Though Mandzukic scored two goals less than Lewandowski, he did so in 30 appearances, and with fewer starts. His goals per game thus almost matches up with 0.60 being the figure. He falls short in the chances created department, with just the solitary one every game and thus negligible amount of assists. He takes a shot lesser per game compared to the Pole with just 2.53 per game. The biggest difference arises in the takes on category, while Lewandowski managed 3.15 every game, Mandzukic struggled with just 0.67 per game; alarming that. The headed duels, as mentioned, is the surprising one here with 2.50 won per game, again falling over 1 short of Lewandowski.
The stats taken into account here are in five main factors, across types of goals and positions of them. Goals from either foot, headed ones, those from inside the penalty area and ones outside the box are all taken into account.
Lewandowski’s strengths clearly lie on his right foot with negligible amount of contribution from his other foot or his head. Nearly a goal every two games comes from his right foot with a 0.48 per game average. Just the one goal all season with his head and two with his weaker left foot. He also managed to get two goals from outside the box, which pips Mandzukic.
Here’s where Mario Mandzukic comes out on top, as a pure goal-scorer. His goals are almost equally balanced out across both his feet and his head; six with his left foot, five from the right and seven with his head (see why the aerial duels was alarming?) which averages out as 0.20, 0.17 and 0.23 per game. He didn’t score a single goal from outside the box, with all 18 coming from inside. Interestingly, 18 of Lewandowski’s goals were also from within the area.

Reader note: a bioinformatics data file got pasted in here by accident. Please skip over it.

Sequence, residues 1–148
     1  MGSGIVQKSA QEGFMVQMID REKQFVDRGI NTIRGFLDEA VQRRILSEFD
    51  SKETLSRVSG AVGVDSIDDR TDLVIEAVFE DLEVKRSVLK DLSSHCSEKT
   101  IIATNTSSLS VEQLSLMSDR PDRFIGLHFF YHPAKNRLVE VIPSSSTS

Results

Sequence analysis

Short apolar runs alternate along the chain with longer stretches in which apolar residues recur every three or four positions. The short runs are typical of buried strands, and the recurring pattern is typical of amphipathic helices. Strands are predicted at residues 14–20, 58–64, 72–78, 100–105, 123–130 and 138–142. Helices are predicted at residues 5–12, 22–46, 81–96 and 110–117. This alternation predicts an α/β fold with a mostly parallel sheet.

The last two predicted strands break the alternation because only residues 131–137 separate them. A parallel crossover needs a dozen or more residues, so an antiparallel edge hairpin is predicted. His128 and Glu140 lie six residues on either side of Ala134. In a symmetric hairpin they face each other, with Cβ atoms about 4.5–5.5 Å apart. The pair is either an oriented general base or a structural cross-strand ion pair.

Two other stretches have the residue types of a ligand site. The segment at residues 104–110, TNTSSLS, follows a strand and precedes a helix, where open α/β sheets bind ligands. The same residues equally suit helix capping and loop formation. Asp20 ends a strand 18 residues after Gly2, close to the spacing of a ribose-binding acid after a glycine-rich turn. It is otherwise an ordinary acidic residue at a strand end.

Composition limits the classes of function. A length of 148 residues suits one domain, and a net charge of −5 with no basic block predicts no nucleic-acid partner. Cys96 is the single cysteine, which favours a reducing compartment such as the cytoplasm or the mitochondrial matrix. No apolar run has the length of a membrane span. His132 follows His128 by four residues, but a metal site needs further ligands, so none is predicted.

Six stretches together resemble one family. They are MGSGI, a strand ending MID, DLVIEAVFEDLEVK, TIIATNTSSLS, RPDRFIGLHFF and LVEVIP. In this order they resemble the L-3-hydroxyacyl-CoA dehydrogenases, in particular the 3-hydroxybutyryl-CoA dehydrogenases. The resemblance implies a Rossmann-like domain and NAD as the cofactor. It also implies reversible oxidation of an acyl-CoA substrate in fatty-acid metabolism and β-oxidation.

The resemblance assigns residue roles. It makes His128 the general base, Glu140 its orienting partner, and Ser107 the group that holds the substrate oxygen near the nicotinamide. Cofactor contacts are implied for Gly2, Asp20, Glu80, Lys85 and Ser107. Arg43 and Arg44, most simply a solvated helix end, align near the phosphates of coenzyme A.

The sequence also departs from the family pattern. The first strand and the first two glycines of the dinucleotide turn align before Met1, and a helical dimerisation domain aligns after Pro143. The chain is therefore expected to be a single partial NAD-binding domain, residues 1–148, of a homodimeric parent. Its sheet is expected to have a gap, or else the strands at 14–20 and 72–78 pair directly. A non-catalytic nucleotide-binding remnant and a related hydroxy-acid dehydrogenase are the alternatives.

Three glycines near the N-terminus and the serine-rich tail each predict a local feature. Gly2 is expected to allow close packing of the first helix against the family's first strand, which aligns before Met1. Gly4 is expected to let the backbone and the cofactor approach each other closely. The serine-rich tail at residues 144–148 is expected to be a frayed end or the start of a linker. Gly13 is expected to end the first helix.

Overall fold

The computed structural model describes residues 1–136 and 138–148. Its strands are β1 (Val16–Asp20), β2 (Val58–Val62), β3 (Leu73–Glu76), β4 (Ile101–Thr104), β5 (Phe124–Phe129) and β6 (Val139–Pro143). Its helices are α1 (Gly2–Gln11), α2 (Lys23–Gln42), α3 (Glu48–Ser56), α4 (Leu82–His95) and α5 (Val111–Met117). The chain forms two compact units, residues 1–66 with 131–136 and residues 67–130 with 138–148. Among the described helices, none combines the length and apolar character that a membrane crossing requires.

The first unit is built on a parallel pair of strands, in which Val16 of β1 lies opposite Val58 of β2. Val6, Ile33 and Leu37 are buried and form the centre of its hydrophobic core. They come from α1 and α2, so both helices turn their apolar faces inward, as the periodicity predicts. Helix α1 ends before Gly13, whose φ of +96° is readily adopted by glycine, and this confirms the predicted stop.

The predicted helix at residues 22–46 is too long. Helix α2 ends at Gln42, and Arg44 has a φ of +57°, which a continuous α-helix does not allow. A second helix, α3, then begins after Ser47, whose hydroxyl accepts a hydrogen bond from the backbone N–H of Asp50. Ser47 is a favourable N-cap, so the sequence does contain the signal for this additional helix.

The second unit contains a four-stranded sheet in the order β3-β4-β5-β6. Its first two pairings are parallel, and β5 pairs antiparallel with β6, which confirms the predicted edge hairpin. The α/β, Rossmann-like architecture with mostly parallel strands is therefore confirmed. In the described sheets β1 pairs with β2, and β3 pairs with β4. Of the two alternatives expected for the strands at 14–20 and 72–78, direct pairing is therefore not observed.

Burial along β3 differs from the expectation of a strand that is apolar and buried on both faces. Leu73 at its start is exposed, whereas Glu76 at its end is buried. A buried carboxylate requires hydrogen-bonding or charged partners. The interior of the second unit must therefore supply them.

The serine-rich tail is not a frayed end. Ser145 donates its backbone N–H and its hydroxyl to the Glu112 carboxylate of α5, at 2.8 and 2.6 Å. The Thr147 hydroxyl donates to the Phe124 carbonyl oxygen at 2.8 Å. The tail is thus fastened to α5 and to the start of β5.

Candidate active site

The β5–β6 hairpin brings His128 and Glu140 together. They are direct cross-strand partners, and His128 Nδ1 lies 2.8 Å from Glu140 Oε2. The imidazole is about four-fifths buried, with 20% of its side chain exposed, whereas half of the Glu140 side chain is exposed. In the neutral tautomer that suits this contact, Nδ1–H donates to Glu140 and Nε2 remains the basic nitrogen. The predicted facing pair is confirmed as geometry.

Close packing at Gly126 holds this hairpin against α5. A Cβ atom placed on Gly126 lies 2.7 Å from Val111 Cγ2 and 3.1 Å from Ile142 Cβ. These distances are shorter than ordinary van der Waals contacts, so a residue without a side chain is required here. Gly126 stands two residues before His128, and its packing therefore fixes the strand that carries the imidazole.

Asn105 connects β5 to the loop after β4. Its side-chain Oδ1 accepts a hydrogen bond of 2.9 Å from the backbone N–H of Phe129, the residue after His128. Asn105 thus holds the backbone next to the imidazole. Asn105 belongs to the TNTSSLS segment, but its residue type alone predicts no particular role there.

It’s clear that if we are talking about players in an overall sense, Robert Lewandowski takes the plaudits. He’s one whose influence is more spread across the pitch and will fit into the Total Football type of system that Guardiola employs at Bayern Munich, or to be more with the times — universality of roles. This is evident in the number of chances created and successful take ons (which arise if one plays deeper, rather than just in the attacking third).
But in Mandzukic the benefit was that you had a pure goal-scorer, a man you’d just stick upfront and he’d deliver in whatever way possible. Mandzukic is probably one of the last traditional strikers to do well at the top level, with very few coming through from the youth systems. He’s your typical centre-forward in the side just to score, and quite literally nothing else.
While Lewandowski does pose as an option to blend right into what Guardiola has employed, the problem we’ve seen in 2014 is of teams not having a successful system away from the primary one, no Plan B. Mandzukic provided that option, to a not-so-well-used degree. Lewandowski, though an exceptional striker and one that’ll do well next season, won’t be a solution were Bayern to face off another team like Real Madrid that finds a way to successfully contain that primary system.
Lewandowski the better player overall, Mandzukic was the better pure goal-scorer, the latter wasn’t given a fair chance to solve the problems while Lewandowski is one that prolongs a successful system without finding solutions to the weakness of it.